The Institute publishes "Crisis", a magazine dealing with religious issues; however, the Institute does not engage in any other type of publishing activity. Petitioner had previously submitted, and been paid for, articles published in "Crisis". D'Souza also was aware of petitioner's aspiration to write a book, tentatively titled The Questioning Catholic, while pursuing his seminary studies.
In 1990 D'Souza agreed to help petitioner finance the continuation of his theology studies. Rather than directly lending money to petitioner, D'Souza had the Institute transfer $10,000 to petitioner from its account. There were no notes or other documents executed to show that a bona fide debt was created between petitioner and the Institute, no security was given, and no interest was required from petitioner. D'Souza did not discuss the transfer with other officers of the Institute. Apparently D'Souza expected repayment to come from royalties that might be generated by The Questioning Catholic. Petitioner returned to the seminary in September of 1990, and completed his studies. As of the date of trial petitioner has not written the book, nor has he repaid the loan.
Respondent received a Form W-2 from DOE showing wage income of $30,907 and a Form 1099-MISC from the Institute reflecting the payment of $10,000 to petitioner. Respondent also received a Form 1099-INT from Perpetual Savings Bank indicating an interest payment in the amount of $64 and a Form 1099-G from the Commonwealth of Virginia indicating payment of a State tax refund in the amount of $279. Petitioner does not recall receiving the Form 1099-MISC from the Institute.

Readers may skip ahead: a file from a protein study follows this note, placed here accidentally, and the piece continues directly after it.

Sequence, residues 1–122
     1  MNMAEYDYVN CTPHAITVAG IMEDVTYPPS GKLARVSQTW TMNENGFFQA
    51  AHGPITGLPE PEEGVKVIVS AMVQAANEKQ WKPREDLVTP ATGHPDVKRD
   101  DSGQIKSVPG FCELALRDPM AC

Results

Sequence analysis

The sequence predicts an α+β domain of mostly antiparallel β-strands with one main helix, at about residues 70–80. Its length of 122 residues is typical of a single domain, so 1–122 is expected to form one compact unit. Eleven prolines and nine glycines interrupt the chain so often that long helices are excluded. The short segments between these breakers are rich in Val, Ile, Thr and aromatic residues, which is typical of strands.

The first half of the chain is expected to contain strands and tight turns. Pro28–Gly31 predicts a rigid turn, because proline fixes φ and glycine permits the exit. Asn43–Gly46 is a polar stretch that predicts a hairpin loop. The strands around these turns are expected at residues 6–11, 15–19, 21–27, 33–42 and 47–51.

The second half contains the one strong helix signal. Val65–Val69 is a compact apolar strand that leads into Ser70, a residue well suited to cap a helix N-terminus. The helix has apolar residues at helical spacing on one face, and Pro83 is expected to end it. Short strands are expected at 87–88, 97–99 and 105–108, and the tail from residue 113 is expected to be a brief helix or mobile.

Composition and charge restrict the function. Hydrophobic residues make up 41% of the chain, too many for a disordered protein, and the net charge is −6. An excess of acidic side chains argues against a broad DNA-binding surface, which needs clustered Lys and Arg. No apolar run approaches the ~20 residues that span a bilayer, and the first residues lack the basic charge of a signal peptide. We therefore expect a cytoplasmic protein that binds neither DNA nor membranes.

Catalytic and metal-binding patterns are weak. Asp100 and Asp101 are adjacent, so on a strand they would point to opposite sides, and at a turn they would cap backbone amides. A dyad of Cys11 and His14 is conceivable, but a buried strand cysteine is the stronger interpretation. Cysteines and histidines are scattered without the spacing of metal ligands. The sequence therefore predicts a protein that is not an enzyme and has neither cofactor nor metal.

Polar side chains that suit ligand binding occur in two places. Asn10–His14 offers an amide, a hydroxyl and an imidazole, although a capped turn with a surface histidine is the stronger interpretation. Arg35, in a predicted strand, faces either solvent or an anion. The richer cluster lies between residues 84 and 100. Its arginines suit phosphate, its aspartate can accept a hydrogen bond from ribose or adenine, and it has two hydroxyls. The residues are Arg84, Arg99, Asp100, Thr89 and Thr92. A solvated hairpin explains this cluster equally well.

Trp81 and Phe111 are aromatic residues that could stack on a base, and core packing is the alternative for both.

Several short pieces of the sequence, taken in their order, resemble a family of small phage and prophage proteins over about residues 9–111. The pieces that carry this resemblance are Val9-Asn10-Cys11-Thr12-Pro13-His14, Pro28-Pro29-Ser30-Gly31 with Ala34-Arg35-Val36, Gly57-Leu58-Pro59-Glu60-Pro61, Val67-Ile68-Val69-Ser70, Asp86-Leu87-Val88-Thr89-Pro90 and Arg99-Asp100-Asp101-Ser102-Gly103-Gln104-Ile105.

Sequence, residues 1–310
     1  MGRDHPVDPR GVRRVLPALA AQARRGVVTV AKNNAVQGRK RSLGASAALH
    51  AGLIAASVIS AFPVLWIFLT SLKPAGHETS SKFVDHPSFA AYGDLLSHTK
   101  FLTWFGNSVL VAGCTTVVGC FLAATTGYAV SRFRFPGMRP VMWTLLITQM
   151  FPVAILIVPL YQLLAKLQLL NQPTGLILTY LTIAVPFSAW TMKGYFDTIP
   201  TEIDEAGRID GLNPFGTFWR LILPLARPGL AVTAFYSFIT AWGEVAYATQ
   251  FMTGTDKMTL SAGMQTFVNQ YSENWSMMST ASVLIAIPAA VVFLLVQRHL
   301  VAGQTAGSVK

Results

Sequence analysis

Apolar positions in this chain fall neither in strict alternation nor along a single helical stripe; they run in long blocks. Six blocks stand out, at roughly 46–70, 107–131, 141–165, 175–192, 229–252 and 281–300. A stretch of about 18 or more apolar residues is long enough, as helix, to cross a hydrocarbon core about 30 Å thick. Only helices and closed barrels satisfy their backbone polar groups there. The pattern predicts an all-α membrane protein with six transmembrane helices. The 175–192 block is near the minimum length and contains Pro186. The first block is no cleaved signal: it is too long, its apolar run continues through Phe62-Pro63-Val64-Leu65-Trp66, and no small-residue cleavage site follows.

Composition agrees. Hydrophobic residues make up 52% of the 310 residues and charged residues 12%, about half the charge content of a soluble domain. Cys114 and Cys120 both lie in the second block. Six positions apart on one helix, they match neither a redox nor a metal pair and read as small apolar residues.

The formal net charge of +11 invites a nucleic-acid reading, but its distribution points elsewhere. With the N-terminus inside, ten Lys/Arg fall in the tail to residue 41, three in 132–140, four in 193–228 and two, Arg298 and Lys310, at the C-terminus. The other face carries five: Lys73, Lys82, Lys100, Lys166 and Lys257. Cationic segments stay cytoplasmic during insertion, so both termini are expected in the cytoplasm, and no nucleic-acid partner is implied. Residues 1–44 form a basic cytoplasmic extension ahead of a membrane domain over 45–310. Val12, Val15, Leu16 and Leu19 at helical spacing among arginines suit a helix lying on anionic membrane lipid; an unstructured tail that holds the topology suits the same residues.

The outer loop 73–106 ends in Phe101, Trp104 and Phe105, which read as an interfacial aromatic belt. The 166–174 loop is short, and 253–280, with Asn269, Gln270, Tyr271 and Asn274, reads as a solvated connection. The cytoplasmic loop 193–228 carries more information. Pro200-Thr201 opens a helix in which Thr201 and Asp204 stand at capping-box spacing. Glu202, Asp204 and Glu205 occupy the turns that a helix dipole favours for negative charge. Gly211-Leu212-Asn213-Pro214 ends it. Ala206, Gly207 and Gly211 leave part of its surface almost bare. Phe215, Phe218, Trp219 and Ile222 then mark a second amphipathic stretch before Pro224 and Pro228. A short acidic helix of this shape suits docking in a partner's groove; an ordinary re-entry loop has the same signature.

While petitioner filed returns in the past, he does not recall whether he prepared or filed a return for 1990. Respondent did not receive a return for petitioner's 1990 taxable year, and prepared a substitute return for him. Respondent determined that the wages, interest, and State tax refund were includable in gross income. Respondent also determined that the $10,000 payment received from the Institute was includable in gross income. In determining petitioner's tax liability, respondent allowed one personal exemption and the standard deduction of a single filer in the amount of $3,250. Respondent also determined that petitioner was liable for the tax on self-employment income on the $10,000 payment received from the Institute.